My biggest lesson from 12 years of investing

imgbd 44 year old Chetan Bhattacharji, a Delhi based senior media professional, candidly admits that just like all of us, he too does get influenced to some extent by news headlines. But, knowing this human tendency which often results in poor investment decisions, Chetan has wisely crafted a solution for himself which ensures that while the larger portion of his savings remain immune to market headlines, a small kitty is available to dabble in the odd stock that is making news. Chetan began investing with an advisor 12 years ago - and if there's one lesson he has learnt in this journey, its never go overboard - either with pessimism that engulfed us back in 2008 or unbridled optimism that's all pervasive now.

Should have started systematic investing earlier

I began systematically investing through an advisor about 12 years ago - in my early 30s. Until then, my investments were ad-hoc - I had some LIC policies, some mutual funds, but it wasn't really planned and organized. I see the significant benefits over time of adopting a systematic investment approach with specific goals that I am investing for. My regret is that I didn't start this systematic approach earlier in my life. Its not that this is coming back to haunt me in any way - its just that I could have done much better if I had started early enough with a systematic approach.

Dividends have many pleasant memories for the family

About 4-5 years into this systematic investment approach, I began getting some dividends. These dividends have fond memories for us in the family - some dividends paid for the odd vacation, a new PC at home came in courtesy another set of dividends and so on. Its like actually experiencing the fruits of our disciplined investment approach from time to time - instead of only seeing account statements which show you how your money is growing.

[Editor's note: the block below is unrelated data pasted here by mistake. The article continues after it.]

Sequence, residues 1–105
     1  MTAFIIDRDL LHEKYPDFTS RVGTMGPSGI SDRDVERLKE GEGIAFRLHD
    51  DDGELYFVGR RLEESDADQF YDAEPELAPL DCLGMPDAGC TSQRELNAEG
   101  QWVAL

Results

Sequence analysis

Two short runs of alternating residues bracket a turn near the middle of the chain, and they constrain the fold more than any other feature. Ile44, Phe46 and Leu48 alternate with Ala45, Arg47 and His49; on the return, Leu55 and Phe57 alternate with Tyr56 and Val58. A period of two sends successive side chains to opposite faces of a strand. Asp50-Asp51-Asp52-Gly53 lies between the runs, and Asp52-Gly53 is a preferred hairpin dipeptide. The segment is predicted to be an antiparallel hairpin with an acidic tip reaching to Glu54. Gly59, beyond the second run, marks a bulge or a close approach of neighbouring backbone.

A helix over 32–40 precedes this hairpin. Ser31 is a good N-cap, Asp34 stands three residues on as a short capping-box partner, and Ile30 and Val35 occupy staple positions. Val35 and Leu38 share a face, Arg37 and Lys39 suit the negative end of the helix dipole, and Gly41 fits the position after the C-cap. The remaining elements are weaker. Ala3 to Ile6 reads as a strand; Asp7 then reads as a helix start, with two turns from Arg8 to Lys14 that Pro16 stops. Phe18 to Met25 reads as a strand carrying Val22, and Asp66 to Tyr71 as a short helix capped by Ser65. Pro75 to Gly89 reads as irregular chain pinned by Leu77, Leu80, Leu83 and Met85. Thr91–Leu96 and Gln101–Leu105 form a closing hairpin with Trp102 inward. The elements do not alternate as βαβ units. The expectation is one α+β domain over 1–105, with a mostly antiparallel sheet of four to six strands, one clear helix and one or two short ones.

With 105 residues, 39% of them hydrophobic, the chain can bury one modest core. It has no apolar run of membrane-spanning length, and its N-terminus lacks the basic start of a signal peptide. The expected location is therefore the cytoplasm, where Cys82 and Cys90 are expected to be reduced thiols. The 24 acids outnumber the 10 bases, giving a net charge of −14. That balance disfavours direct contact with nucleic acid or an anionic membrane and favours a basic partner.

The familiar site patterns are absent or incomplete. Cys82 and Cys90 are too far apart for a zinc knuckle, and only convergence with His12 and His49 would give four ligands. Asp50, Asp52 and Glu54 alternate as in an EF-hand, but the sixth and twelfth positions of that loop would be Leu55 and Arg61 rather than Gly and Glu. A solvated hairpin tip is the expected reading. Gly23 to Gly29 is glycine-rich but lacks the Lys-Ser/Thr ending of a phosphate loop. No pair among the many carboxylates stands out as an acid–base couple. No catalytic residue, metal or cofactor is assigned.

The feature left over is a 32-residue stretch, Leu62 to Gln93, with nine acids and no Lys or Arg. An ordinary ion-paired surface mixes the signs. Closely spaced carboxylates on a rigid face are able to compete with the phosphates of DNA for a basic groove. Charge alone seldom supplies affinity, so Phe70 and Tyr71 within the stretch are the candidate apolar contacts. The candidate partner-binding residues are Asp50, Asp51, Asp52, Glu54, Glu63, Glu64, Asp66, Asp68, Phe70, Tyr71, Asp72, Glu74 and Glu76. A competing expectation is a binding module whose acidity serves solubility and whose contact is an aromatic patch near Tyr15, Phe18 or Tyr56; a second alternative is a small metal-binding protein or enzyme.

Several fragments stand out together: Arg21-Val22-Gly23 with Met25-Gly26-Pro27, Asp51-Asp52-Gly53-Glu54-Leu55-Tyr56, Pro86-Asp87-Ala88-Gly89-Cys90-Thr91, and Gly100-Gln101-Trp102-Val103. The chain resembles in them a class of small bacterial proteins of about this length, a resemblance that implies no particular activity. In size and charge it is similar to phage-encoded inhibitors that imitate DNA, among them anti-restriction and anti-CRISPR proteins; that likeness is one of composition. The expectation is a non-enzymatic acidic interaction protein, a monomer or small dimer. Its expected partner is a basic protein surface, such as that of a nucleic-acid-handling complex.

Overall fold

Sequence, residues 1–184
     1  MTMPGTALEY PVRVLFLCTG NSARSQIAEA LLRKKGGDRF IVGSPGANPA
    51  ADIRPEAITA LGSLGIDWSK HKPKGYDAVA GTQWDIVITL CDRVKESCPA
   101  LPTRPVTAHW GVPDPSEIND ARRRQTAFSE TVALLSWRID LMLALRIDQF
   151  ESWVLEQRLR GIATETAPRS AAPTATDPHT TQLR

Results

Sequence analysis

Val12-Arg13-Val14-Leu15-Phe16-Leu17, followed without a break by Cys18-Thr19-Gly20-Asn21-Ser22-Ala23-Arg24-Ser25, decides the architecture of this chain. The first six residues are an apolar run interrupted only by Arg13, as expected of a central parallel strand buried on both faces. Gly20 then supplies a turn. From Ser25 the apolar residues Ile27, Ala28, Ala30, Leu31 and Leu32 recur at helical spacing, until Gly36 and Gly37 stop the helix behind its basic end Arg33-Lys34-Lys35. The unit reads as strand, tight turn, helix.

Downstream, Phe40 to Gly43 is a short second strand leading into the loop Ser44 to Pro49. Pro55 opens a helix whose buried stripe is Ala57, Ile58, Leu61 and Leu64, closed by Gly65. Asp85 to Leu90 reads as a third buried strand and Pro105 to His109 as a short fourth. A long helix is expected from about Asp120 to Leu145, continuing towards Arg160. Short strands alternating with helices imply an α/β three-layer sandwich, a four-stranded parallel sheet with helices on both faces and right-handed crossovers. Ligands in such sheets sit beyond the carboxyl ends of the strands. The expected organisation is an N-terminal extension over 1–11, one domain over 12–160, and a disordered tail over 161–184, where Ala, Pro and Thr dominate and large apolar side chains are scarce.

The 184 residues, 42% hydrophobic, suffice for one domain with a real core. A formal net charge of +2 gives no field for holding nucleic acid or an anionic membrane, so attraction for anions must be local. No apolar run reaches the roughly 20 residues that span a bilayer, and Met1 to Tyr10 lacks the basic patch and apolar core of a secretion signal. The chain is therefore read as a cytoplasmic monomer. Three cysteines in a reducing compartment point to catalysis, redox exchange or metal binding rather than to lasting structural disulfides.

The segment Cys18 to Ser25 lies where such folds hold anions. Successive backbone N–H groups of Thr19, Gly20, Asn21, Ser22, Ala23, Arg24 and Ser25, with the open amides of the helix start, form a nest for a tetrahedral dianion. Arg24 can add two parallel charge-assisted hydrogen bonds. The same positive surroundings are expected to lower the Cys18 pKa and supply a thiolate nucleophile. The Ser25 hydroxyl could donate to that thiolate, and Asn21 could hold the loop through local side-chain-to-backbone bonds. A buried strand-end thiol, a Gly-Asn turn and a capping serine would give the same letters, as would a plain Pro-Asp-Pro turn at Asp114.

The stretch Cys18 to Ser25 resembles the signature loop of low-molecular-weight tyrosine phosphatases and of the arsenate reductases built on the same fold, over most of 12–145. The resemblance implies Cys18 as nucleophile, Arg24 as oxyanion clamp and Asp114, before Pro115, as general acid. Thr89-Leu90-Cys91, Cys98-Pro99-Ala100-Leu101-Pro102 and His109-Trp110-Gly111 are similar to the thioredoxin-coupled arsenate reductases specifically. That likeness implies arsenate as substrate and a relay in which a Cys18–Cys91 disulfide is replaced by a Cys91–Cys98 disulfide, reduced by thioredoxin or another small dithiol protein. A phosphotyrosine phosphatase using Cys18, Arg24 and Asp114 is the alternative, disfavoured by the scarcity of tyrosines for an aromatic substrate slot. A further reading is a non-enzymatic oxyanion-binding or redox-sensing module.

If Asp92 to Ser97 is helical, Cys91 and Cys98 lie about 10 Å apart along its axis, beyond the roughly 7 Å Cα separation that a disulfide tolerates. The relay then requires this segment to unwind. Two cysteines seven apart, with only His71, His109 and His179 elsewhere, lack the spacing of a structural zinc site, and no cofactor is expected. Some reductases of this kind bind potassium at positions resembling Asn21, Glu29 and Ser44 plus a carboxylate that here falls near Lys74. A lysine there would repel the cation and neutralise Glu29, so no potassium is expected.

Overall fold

2008 was scary - and my biggest learning phase

2008 was a scary period - for all of us, I guess. By then, I had accumulated enough money for me to get really worried about markets and what they were doing to my savings. There was a crisis of confidence all around. I really didn't have the time nor the inclination to get into a detailed study of markets - and as such, I too got influenced by all the headlines I was seeing - world markets falling, rupee crashing, fears of contagions and so on.

This was the time that my advisor's steady hand was invaluable. He was rock solid in his convictions, in his outlook. He first made me comfortable that he is willing to make any changes in my portfolio that I felt necessary, and then went on to give me his view on why he thought it wasn't a good idea to change anything. He took me through how investments behave in different parts of market cycles, how it is important to ride through market cycles to really get the benefits of the investments we are making and why the 2008 episode is also just another part of the ongoing cyclical behaviour of markets. We didn't make any changes to the portfolio, I held on to my equity investments and I continued with my SIPs through that period - all of which have turned out in hindsight to be wise decisions!